“We really want to see you,” Bruns said. “We want to see students get the support they need.”

The Wellness Center has provided programs such as Mindful Mondays and Wellness Wednesdays throughout this school year to offer outlets for connection and healthy coping. 

Additionally, the Wellness Wagon will be roaming through campus next week engaging students in discussions about feelings and relevant topics, according to Jackson.

“These programs are looking at the dimensions of wellbeing and how to support students in building some of those areas up,” Jackson said. “Next quarter, my plan for spring is to offer a six-week mindfulness series workshop.” 

Jackson said she teaches students an exercise based on Buddhist practices called “tonglen,” which is the act of sending healing energy and receiving suffering from others. The exercise is done by breathing in and imagining the suffering of another person or group, then exhaling and imagining that you are sending loving energy back to them.

Jackson said this exercise is similar to the techniques that will be taught in her six-week mindfulness workshop. She encouraged students to stay updated with the Wellness Center next quarter to get involved. 

According to Bruns, Student Counseling Services has offered a variety of support groups for marginalized communities throughout the pandemic. 

This quarter features a group called Beyond the Binary, which focuses on individuals who do not identify within the gender binary. The group meets on Fridays from 3-4:30 p.m., and Bruns encouraged students to email [email protected] to sign up.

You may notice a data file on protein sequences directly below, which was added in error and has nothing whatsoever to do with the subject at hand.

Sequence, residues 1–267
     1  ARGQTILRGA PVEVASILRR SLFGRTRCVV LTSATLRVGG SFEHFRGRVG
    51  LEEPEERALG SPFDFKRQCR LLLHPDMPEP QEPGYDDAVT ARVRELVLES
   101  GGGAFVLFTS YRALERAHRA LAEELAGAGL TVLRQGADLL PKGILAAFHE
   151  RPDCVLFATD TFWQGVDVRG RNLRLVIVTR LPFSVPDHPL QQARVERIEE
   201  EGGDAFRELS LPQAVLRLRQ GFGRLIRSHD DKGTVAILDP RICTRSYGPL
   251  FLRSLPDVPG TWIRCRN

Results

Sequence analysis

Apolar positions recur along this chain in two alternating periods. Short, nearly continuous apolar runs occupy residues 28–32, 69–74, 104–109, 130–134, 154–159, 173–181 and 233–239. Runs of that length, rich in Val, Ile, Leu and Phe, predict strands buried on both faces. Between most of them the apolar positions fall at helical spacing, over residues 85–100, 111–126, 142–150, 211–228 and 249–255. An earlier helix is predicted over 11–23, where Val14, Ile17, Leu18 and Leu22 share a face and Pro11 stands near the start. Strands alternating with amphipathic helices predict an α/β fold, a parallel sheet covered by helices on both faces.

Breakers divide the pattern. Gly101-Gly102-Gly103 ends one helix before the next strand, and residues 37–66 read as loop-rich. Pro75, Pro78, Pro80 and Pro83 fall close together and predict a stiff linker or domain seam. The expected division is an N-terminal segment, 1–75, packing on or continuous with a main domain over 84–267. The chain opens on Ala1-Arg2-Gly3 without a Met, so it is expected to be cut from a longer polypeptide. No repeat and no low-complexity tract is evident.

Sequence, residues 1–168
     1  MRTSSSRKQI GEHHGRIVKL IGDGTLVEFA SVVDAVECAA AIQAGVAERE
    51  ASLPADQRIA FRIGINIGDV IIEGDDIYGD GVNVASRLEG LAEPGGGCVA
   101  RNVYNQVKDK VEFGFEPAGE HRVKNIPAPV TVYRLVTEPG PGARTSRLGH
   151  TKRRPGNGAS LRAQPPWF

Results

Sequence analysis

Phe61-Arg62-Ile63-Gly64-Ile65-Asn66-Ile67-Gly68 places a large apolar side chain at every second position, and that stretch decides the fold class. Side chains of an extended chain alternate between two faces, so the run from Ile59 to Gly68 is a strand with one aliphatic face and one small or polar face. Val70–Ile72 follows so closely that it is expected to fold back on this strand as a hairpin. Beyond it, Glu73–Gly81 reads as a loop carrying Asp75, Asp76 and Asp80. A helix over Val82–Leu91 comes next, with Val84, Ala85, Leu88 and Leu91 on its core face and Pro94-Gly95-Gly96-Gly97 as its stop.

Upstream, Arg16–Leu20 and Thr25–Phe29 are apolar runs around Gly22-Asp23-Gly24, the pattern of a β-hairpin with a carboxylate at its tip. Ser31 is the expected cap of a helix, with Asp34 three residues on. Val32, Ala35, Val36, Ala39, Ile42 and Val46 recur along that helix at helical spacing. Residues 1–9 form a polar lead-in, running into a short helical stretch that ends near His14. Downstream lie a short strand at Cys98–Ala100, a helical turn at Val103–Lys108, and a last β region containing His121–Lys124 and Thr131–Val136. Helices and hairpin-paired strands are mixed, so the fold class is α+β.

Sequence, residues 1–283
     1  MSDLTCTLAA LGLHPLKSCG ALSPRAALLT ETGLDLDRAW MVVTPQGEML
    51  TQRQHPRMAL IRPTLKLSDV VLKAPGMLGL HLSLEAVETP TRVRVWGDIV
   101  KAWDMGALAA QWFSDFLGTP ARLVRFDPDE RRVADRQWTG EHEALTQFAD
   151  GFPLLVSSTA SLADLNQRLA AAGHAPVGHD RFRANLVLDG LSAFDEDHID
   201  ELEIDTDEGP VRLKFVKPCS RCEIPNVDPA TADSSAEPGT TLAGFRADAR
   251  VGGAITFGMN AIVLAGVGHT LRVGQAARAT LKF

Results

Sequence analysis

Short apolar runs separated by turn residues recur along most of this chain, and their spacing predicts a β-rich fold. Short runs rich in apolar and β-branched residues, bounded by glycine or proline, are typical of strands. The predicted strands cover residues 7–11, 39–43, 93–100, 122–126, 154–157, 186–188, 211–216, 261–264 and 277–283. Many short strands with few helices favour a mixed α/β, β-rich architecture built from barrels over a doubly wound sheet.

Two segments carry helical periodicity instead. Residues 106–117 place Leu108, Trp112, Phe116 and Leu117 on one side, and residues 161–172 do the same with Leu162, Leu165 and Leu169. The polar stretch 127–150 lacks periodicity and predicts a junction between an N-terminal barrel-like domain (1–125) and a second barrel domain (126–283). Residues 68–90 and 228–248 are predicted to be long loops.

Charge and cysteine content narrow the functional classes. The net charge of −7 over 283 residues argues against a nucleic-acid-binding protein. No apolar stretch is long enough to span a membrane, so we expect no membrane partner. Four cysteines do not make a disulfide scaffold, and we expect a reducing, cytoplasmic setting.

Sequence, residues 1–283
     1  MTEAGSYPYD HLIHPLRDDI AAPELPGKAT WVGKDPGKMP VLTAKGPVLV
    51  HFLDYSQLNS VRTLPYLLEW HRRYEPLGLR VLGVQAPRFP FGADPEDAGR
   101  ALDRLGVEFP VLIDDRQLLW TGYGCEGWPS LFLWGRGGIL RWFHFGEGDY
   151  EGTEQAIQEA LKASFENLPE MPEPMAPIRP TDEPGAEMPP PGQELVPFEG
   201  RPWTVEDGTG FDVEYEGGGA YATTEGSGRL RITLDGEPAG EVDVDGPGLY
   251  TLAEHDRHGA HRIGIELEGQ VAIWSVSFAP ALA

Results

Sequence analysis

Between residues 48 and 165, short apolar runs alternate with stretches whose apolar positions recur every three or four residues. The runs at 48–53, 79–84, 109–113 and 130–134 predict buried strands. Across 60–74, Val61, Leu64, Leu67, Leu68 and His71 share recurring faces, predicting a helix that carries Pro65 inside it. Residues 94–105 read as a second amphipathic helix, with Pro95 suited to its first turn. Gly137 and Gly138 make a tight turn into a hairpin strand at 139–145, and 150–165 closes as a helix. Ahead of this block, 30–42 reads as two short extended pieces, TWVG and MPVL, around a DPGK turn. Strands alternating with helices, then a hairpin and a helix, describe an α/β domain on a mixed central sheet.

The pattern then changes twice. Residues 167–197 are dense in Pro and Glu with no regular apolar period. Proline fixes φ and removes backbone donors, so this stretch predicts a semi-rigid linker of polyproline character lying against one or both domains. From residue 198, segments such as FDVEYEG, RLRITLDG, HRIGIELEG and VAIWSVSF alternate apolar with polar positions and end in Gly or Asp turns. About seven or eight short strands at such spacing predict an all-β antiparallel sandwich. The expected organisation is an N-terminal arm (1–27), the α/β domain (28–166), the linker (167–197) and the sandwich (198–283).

Self compassion and care

Bruns emphasized the importance of self compassion as we enter new phases of the pandemic.

“We live in a society that encourages us that we should just do what we’ve always done, no matter what is going on around us,” Bruns said. “People may not be functioning to the level they were able to prior to the pandemic. People are tired and burned out, so look back and take some space to acknowledge the impact of the last couple years.” 

Bruns recommended that students have reasonable expectations for themselves, engage in small acts of self care daily and find places to connect with caring people. Jackson seconded this and said that building a community of support is crucial.

“That can be through finding clubs where you have some things in common with other people or thinking about the people in your dorm and residence hall that you might want to connect with,” Jackson said.

Both Bruns and Jackson recommended spending time outside in nature and sunlight, going on walks with friends and finding space to be quiet and calm. Jackson also recommended yoga and meditation, and Bruns recommended drinking water instead of drinks with caffeine. 

“Self care is an accumulation of small things throughout the day that help support us,” Bruns said. 

Students can stay updated on offerings from Student Counseling Services and the Wellness Center by following them on Instagram, @cwu_counseling_services and @cwuwellness. 


Student Counseling Services: (509) 963-1391

Mental health crisis support: 1-800-273-8255 or text HOME to 741741

Wellness Center: (509) 963-3213 

WildcatCare 365: or download WildcatCare 365 App